SIGN UP FOR UPDATES!
Sign up for Englemed updates from TwitterSign up for Englemed updates from Facebook
ENGLEMED
Contact Englemed
Our contact email address.
We can provide a specialist, tailored health and medical news service for your site.
Click here for more information
RSS graphic XML Graphic Add to Google
About Englemed news services - services and policies.
Englemed News Blog - Ten years and counting.
Diary of a reluctant allergy sufferer - How the British National Health Service deals with allergy.
BOOKS AND GIFTS THIS WAY!
BookshopFor books on women's health, healthy eating ideas, mental health issues, diabetes, etc click here
SEARCH THIS SITE
Google

WWW Englemed
Copyright Notice. All reports, text and layout copyright Englemed Ltd, 52 Perry Avenue, Birmingham UK B42 2NE. Co Registered in England No 7053778 Some photos copyright Englemed Ltd, others may be used with permission of copyright owners.
Disclaimer: Englemed is a news service and does not provide health advice. Advice should be taken from a medical professional or appropriate health professional about any course of treatment or therapy.
FreeDigitalPhotos
www.freedigitalphotos.net
FreeWebPhotos
www.freewebphoto.com
FROM OUR NEWS FEEDS
Heart failure ranked 'less important than potholes'
Tues June 28th - Heart failure is deemed less important than potholes in roads and pavements in the UK, according to an analysis published today. More
Cannabis users' increased risk of hospital admission
Tues June 28th - Canadian researchers have called for curbs on the globally rising levels of recreational cannabis because users have an increased risk of needing emergency care and hospital admission for any cause. More
RECENT COMMENTS
On 09/10/2020 William Haworth wrote:
How long is recovery time after proceedure... on Ablation cuts atrial fibrillat...
On 08/02/2018 David Kelly wrote:
Would you like to write a piece about this to be i... on Researchers unveil new pain re...
On 23/10/2017 Cristina Pereira wrote:
https://epidemicj17.imascientist.org.uk/2017/06/21... on HIV breakthrough - MRC...
On 12/09/2017 Aparna srikantam wrote:
Brilliant finding! indeed a break through in under... on Leprosy research breakthrough...
On 01/07/2017 Annetta wrote:
I have been diagnosed with COPD for over 12 years.... on Seaweed plan for antimicrobial...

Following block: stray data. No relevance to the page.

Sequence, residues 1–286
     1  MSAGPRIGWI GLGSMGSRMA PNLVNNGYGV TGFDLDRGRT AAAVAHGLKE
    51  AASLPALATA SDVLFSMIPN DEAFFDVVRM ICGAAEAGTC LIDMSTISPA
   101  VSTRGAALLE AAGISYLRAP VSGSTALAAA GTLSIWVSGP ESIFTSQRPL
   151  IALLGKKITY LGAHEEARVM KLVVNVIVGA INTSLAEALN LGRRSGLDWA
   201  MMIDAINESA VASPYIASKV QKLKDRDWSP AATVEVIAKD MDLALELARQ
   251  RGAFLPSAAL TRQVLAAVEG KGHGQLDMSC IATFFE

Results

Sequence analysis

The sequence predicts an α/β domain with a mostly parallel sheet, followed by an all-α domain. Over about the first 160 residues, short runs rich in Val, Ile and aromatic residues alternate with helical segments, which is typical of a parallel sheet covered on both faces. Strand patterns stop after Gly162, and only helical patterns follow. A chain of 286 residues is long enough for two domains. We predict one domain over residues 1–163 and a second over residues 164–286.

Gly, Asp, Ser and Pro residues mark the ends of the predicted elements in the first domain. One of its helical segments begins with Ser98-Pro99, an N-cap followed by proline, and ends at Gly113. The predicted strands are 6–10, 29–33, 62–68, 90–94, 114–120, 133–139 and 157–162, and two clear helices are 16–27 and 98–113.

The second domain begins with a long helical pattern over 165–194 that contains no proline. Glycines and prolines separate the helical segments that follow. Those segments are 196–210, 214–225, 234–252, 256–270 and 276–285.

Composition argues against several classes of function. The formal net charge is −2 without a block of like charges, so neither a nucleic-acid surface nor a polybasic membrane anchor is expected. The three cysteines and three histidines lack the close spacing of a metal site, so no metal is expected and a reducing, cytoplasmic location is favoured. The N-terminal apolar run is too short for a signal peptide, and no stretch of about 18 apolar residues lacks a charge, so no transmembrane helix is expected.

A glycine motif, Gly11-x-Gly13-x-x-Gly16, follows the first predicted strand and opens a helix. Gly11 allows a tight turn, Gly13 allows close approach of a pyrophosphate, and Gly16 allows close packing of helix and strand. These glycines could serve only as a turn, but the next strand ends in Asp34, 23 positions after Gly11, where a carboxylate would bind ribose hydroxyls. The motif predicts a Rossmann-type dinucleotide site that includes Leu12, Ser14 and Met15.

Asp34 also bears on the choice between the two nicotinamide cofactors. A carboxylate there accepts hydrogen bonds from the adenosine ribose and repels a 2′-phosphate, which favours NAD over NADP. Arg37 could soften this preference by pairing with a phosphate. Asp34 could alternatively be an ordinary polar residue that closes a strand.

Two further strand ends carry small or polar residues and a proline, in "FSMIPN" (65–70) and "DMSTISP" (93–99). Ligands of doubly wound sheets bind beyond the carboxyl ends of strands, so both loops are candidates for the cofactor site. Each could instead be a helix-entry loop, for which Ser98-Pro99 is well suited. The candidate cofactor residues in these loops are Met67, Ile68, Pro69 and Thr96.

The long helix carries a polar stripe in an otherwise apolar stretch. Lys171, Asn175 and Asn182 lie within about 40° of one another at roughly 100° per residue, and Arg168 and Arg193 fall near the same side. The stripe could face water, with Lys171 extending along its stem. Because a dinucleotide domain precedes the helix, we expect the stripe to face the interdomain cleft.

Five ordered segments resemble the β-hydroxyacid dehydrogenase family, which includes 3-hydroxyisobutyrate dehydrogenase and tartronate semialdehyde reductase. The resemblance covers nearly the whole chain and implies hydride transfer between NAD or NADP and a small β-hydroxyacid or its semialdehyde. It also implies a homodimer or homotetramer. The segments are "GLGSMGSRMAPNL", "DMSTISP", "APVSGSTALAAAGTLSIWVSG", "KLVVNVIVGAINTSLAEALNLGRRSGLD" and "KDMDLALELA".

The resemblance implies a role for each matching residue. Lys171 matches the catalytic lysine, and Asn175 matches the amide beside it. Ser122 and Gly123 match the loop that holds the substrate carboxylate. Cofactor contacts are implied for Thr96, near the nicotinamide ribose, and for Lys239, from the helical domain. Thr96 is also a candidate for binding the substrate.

BOOKS ON CHILDREN'S HEALTH
For books, child safety and gift ideas click here
NEWS FEEDS
ENGLEMED HEALTH NEWS

Call to limit preventable early death

Friday September 11th, 2009

By Jane Collingwood
Dangerous driving is one of the main killers of young people worldwide, experts warn today.

The World Health Organisation (WHO) study looked at both global and regional patterns of mortality in individuals between ten and 24 years of age. This group contains 30 per cent of the world's population - 1.8 billion people.

Road traffic accidents, complications during pregnancy and child birth, suicide, violence, HIV/Aids and tuberculosis are the top causes of death, causing 2.6 million deaths per year.

Details are published in the Lancet. Professor George Patton of the University of Melbourne, Australia, and colleagues say that 97 per cent of the deaths are in low- and middle-income countries, and most are preventable.

Daisy Mafubelu of the World Health OrganisationDaisy Mafubelu (pictured) of the WHO commented: "It is clear from these findings that considerable investment is needed - not only from the health sector, but also from sectors including education, welfare, transport, and justice - to improve access to information and services, and help young people avoid risky behaviours that can lead to death."

To reduce deaths, the WHO recommends speed management, such as low-speed zones in urban settings, strictly enforcing drink-driving laws, and increased use of seat-belts.

Sexual and reproductive health is also crucial, so the WHO supports sex education, access to condoms, safe abortion, better antenatal and obstetric care, HIV testing and counselling, and universal HIV/Aids care and treatment.

"Violence and suicide can be prevented by ensuring that young people have access to life skills training; promoting positive parental involvement in the lives of young people, reducing the use of alcohol by young people, and reducing their access to lethal means (including firearms, knives, pesticides and sedatives)," they advise.

Patton, G. C. et al. Global patterns of mortality in young people: a systematic analysis of population health data. The Lancet, Vol. 374, September 12, 2009, pp. 881-92.

Tags: A&E | Australia | Child Health | World Health

Printer friendly page Printer friendly page

CATEGORIES